Whether wise or foolish, Napoleon's interference in Mexican affairs had not weakened his power or lessened his influence in the estimation of Europe. Five months ago he was at the head of the European world. His position was quite equal to that which Nicholas held thirteen years earlier. If any change in his condition was looked for,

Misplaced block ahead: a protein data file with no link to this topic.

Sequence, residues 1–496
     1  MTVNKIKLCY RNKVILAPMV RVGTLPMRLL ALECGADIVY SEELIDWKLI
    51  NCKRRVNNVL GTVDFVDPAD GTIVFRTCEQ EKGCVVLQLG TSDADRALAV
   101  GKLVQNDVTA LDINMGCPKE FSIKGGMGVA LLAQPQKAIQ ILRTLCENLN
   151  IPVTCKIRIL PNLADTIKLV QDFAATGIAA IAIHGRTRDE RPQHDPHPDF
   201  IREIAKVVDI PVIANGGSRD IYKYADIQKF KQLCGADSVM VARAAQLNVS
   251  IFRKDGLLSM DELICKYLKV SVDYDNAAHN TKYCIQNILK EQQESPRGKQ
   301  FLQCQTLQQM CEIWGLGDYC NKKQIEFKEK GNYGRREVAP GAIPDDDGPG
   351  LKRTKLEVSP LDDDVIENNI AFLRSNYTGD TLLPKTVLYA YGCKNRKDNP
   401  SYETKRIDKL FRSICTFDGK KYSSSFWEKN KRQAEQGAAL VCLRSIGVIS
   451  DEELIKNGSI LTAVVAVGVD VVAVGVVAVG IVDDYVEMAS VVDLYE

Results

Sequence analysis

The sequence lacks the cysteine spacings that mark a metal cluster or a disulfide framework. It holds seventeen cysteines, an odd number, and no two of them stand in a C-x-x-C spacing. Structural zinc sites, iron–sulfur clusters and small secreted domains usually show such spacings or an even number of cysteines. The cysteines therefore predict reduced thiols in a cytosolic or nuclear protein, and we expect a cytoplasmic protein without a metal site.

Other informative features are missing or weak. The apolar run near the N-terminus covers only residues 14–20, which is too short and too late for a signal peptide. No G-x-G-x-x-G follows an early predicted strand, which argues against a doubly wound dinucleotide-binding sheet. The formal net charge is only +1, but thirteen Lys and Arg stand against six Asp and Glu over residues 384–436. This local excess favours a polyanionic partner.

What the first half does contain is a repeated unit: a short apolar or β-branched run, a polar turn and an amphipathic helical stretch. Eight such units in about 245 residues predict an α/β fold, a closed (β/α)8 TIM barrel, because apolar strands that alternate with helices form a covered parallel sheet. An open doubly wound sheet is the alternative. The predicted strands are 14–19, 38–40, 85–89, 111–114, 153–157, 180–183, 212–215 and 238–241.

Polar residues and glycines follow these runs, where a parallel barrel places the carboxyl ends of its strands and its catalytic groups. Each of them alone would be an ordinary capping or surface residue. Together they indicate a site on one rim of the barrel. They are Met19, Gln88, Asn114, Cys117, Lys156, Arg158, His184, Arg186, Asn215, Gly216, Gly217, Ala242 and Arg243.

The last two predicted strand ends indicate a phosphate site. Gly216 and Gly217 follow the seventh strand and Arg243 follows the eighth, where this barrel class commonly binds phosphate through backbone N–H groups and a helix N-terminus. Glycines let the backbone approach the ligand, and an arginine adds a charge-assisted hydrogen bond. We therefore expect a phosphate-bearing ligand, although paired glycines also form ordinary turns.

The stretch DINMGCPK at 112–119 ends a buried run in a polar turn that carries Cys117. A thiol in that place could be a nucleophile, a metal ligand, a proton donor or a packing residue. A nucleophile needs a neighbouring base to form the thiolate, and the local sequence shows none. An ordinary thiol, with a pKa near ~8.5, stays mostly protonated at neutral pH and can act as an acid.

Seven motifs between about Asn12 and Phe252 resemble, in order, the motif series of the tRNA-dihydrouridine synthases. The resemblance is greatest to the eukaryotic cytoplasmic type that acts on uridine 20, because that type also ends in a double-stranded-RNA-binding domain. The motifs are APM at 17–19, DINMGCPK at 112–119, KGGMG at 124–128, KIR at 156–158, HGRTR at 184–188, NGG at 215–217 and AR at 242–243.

it was sought in the advance of his greatness, not in the chance of his fall. The general, the all but universal sentiment was, that during Napoleon III.'s life France's lead must be accepted; and that, if that life should be much extended, France's power would be greatly increased, and that Belgium and the Rhine country might become hers at no distant day. It is true that, long before the middle of June, the course of events indicated the near approach of war; but it was commonly supposed that the chief result of such war would be to add to the greatness and glory of France. That was about the only point on which men were agreed with respect to the threatened conflict. Prussia and Italy might overthrow the Austrian empire; but most probably Austria, aided by most of Germany, would defeat them both, her armies rendezvousing at Berlin and Milan; and then would Napoleon III., bearing "the sword of Brennus," come in, and save the Allies from destruction, who would gratefully reward him, — the one by ceding the Rhenish provinces, and the other the island of Sardinia, to France. Such was the programme laid out by most persons in Europe and America, and probably not one person in a hundred thought it possible for Prussia to succeed. Even most of those persons who were not overcrowed by Austria's partisans and admirers did not dream that she would be conquered in a week, but thought it would be a more difficult matter for General Benedek to march from Prague to Berlin than was generally supposed, and that such march would not exactly be of the nature of a military promenade. That the French Emperor shared the popular belief, is evident from his conduct. He never would have allowed war to break out, if he had supposed it would lead to the elevation of Prussia to the first place in Europe, — a position held by himself, and which he had no desire to vacate. It was in his power to prevent the occurrence of war down almost to the very hour when